A chemical spill at the University of Moncton Thursday sent one person to hospital, forced the evacuation of two buildings and tied up traffic for several hours.

A graduate-level chemistry student was treated in hospital for exposure to fumes after one of the storage containers leaked shortly before noon, university officials said. The student was later released.

The chemical involved was dicyclopentadiene (DCPD), which is relatively stable and low risk, according to a chemist.

"It's a chemical that is used to enhance reactions in a chemical process," Fire Chief Eric Arsenault told CBC News.

'The chemistry professors that were with us and giving us advice seemed very pleased that this was the product involved.' —Fire Chief Eric Arsenault

"The chemistry professors that were with us and giving us advice seemed very pleased that this was the product involved."

DCPD is, however, highly flammable, said Arsenault. "So that's always a source of concern."

Two people were inside the science bunker, a small separate building on campus where large containers of volatile chemicals are stored for lab experiments, when an alarm was triggered, said Arsenault.

He was worried about a possible chain reaction and explosion among the "mishmash" of thousands of chemicals stored in the bunker, which is near the campus' heating plant.

A hazardous materials team from Saint John was called in to help.

They found a small amount of sticky residue, which they were able to clean up, Arsenault said.

"It appears that bottle was intact, but there was a break in it so the product leaked out. But it's a product that is very volatile, so the vent hood inside the bunker was operating all along so with air flow and all that, the product vaporized."

Crews remained on the scene for about seven hours.

Students were taking inventory


A hazardous materials unit from Saint John has been called in to help. (Marc Genuist/CBC)

University officials say it was a "minor spill."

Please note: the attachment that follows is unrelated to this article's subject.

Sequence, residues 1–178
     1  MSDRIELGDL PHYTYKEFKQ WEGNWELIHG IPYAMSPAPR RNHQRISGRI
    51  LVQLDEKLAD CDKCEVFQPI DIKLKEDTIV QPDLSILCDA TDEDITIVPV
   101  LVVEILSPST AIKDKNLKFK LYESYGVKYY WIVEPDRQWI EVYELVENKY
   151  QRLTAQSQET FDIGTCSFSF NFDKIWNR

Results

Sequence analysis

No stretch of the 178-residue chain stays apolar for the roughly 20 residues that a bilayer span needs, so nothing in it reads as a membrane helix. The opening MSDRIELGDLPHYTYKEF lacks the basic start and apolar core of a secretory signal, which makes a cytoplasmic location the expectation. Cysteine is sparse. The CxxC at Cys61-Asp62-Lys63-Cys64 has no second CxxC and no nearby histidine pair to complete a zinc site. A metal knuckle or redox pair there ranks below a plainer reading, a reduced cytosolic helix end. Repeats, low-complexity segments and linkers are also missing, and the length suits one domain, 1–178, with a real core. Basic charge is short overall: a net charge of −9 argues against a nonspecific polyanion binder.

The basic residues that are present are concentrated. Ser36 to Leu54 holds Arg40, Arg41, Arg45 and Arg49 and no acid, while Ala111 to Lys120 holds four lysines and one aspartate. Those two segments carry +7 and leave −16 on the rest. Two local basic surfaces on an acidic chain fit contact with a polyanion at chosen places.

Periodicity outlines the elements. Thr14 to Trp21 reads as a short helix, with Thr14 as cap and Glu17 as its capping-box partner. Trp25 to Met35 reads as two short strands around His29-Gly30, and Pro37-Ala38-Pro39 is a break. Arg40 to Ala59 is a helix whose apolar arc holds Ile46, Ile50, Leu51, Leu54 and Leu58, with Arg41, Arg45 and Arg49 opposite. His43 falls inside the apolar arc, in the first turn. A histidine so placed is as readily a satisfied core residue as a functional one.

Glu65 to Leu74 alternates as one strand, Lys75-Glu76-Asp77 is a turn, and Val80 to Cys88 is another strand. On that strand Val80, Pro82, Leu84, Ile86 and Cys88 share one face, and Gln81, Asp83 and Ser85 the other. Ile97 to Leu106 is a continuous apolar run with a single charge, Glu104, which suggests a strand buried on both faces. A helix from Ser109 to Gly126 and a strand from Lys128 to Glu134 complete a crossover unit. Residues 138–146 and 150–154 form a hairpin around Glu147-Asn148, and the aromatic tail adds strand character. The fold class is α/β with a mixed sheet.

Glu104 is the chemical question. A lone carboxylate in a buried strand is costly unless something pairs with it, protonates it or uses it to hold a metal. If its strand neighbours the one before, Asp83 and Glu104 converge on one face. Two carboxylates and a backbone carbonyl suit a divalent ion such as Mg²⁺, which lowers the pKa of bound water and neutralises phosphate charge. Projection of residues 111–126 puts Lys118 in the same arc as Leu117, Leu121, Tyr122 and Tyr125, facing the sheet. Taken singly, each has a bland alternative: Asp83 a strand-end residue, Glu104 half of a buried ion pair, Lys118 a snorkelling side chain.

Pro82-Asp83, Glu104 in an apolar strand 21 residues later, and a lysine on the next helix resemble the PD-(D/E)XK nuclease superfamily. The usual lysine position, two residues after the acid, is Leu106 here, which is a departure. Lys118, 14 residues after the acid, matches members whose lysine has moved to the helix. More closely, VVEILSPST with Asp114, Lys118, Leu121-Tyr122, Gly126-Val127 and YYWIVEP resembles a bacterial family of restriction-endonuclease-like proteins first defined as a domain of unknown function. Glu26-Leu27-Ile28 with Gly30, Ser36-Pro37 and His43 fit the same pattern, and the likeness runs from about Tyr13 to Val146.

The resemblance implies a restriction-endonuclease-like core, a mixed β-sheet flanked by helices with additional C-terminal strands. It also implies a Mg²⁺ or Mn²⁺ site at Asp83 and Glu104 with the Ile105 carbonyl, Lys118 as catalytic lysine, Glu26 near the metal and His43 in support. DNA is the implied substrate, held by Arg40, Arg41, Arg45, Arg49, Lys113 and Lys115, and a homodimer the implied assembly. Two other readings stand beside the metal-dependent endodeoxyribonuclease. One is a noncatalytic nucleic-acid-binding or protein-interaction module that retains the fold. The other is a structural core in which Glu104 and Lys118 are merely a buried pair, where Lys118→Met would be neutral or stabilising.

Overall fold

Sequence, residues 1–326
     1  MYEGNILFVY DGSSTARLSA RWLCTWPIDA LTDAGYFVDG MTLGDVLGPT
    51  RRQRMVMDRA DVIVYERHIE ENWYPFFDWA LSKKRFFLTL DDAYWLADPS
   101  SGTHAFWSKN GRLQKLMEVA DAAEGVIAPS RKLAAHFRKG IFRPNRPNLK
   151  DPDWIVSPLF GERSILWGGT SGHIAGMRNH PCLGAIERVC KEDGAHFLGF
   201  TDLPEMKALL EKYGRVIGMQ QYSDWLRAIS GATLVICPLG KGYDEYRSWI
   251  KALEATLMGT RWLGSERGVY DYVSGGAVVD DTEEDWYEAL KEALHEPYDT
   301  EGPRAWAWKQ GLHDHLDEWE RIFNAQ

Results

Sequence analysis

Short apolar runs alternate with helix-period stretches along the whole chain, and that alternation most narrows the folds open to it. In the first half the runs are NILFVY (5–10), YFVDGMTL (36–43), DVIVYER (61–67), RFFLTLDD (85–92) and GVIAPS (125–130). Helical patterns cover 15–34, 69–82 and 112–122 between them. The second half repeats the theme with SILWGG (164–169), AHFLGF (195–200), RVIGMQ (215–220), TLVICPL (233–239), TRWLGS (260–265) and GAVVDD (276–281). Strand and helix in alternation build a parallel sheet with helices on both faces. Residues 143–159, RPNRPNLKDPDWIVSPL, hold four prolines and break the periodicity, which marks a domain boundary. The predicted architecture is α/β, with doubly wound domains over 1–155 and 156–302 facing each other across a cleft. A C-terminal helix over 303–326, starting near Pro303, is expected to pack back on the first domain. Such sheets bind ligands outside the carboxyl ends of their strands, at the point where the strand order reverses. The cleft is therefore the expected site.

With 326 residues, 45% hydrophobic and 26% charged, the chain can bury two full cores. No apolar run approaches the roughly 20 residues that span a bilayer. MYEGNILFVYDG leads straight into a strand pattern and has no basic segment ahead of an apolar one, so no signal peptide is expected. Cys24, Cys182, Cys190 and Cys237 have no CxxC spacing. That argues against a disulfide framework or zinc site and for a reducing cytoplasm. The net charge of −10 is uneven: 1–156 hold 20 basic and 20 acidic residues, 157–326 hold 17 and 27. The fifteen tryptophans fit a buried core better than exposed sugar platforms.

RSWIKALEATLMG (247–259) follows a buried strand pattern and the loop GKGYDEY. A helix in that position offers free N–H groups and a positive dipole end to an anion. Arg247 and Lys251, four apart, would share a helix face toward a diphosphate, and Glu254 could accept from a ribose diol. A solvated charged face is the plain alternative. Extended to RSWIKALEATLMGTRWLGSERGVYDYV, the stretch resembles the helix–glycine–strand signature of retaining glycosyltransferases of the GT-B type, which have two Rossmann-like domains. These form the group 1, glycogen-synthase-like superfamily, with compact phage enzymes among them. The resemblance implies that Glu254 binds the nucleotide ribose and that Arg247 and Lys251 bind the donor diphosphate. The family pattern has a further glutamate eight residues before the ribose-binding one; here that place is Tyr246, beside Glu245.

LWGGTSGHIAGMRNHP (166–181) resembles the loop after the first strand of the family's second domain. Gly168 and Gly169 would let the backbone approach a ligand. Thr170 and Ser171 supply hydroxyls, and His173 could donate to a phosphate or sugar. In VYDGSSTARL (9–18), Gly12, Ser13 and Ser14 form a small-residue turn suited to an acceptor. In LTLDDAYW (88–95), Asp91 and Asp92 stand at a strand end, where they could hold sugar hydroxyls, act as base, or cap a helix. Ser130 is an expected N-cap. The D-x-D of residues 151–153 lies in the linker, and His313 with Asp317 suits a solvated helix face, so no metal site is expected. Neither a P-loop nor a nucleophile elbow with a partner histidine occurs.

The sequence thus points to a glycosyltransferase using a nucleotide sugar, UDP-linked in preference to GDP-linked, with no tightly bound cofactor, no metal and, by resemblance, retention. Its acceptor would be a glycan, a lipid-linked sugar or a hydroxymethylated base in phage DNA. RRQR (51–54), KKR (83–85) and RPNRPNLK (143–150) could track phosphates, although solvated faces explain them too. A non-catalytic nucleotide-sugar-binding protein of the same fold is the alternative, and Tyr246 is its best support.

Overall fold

Two students were taking inventory of the the chemicals stored in the bunker when the incident occurred, the head of chemistry, Abdel Aziz Nait Ajjou, told CBC News.

"What happened is we have one shelf that's not strong enough and one student, he tried to take one two-litre bottle from the shelf to another, he touched something and the bottle was broken."

A later statement, issued by university spokeswoman Nicole Cormier, said the student, who has worked as a summer student at the university for the past few years, "determined that a storage container was damaged and that an odour was escaping from it."

The student, who is trained in the moving and storing of chemical products, immediately evacuated the premises and alerted security, Cormier said.

There was a smell of chemicals in the air, so university officials set up a perimeter and called the fire department, according to protocol, said Robert Beaudoin, the university's director of security.

The student was walking and talking after the incident, said Beaudoin.

He was taken to hospital for exposure to fumes as a precaution and was kept for observation for a few hours before being released shortly before 4 p.m.

The bunker where the spill occurred is well-ventilated, Beaudoin added.

Fire crews secured the area and worked with chemists at the university to determine the type of chemical involved.

The chief said crews were being "very, very cautious" in their approach.

The neighbouring library and arts building were evacuated in case there were fumes from the chemical because the wind was blowing in that direction, Arsenault said.

Université Avenue was blocked to traffic between the Musée Acadien and the J.-Louis Lévesque Arena. People were still able to travel through the campus, however, by taking Antonine Maillet Avenue.